What is an Executor of a Will?
An Executor is the person named in a Will who sorts out the estate of the person who’s died. Your ‘estate’ is everything you own (your money, property and possessions). An executor has a legal responsibility to carry out the instructions left in a Will.
What are the duties of an Executor?
When dealing with an Estate, an Executor deals with many legal, tax and administrative duties. The duties can include:
Registering the death
Arranging the funeral
Valuing the estate
Paying any inheritance tax
Applying for probate
Sorting the deceased's finances
Placing a deceased estates notice
Distributing the estate
Keeping estate accounts
Can an Executor benefit from a Will?
Yes, an Executor can benefit from a Will if they’ve been named a ‘Beneficiary’ of the Will. Beneficiaries are the people you want to inherit your ‘estate’ (these are your assets and possessions) after you die.
Can an Executor change a Will?
An Executor can change a person’s Will after their death – but only if other beneficiaries of the Will agree. To change a Will, you’ll need to make a ‘deed of variation’. This deed allows you to rearrange and vary what beneficiaries will inherit.
How to give up being an Executor?
To give up being an Executor, you’ll need to sign a document called a ‘Deed of Renunciation’. This must be signed and completed before an impartial witness. Signing this means you resign as an Executor and free yourself from the responsibility of dealing with the Estate.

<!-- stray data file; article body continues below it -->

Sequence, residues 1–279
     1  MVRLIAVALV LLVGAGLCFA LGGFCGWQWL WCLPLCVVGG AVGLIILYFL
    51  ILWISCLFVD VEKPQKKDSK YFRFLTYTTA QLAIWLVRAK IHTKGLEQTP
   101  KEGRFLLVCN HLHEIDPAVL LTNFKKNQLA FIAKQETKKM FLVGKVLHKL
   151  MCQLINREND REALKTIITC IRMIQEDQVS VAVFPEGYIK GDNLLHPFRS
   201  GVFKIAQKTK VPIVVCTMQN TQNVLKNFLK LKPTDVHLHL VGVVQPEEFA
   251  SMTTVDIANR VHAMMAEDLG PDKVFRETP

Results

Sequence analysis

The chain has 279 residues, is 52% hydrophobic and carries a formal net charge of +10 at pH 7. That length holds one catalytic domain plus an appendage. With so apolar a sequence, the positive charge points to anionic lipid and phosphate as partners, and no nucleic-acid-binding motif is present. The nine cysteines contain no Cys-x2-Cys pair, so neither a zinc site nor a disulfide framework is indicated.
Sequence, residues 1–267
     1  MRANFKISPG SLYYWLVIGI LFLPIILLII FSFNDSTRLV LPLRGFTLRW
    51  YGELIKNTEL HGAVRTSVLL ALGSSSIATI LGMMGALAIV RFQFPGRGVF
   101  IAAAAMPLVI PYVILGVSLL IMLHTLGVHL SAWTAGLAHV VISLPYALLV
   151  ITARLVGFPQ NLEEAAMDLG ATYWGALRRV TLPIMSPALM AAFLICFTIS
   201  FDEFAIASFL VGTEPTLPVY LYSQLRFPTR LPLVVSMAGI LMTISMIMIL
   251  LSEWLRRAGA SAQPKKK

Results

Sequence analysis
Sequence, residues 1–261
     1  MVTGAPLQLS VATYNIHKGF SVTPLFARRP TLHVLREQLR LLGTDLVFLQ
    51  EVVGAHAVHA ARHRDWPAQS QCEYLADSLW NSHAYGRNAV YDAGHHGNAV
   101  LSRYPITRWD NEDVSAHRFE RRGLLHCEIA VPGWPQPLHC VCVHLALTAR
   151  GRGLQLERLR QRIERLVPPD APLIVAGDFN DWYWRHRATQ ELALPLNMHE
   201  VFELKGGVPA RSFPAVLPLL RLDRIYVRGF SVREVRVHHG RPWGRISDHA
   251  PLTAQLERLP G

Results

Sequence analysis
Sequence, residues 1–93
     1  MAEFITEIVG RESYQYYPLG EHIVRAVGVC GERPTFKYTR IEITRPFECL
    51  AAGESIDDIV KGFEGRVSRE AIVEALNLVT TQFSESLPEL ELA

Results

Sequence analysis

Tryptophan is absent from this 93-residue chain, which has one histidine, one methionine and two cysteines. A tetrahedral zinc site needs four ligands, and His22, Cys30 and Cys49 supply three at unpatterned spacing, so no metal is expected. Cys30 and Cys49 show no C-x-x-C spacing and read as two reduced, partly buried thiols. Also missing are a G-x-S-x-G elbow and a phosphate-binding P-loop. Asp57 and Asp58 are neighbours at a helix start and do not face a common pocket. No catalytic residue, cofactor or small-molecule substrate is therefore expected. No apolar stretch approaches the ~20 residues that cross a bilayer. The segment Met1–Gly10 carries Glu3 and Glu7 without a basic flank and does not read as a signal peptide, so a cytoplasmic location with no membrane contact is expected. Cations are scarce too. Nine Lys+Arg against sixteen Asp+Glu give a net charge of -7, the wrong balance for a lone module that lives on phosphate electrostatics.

How long does the Executor have to settle an Estate?
There is no set time limit in which an Executor has to settle an Estate. But there is a deadline for the Executor to submit the Inheritance Tax form. Most estates take Executors around 9-12 months to settle. But it can take longer, depending on the complexity of the Estate and the efficiency of the Executor.
Should an Executor have a copy of the Will?
Executors are often told where the original Will has been stored or are trusted to keep the Will in safe place. If the Will was prepared by a solicitor or Will writer, they may have the original document stored safely. Executors will need to access the original copy of the Will, so they can deal with the Estate of the deceased.
Can one Executor act without the other?
If the Will has appointed one or more joint Executors, one Executor can’t act without other. These Executors will need to act together unless the other Executor(s) resign from their role. If someone is named as the sole Executor in the Will, then they can act alone.
What expenses can an Executor claim?
Executors can claim back certain expenses when dealing with an Estate. There isn’t an exact list of what expenses can be claimed, but the following can be considered:
- Postage costs
- Paying off utility bills
- Maintenance to any property
- Valuations for asset
- Clearing costs
- Cleaning costs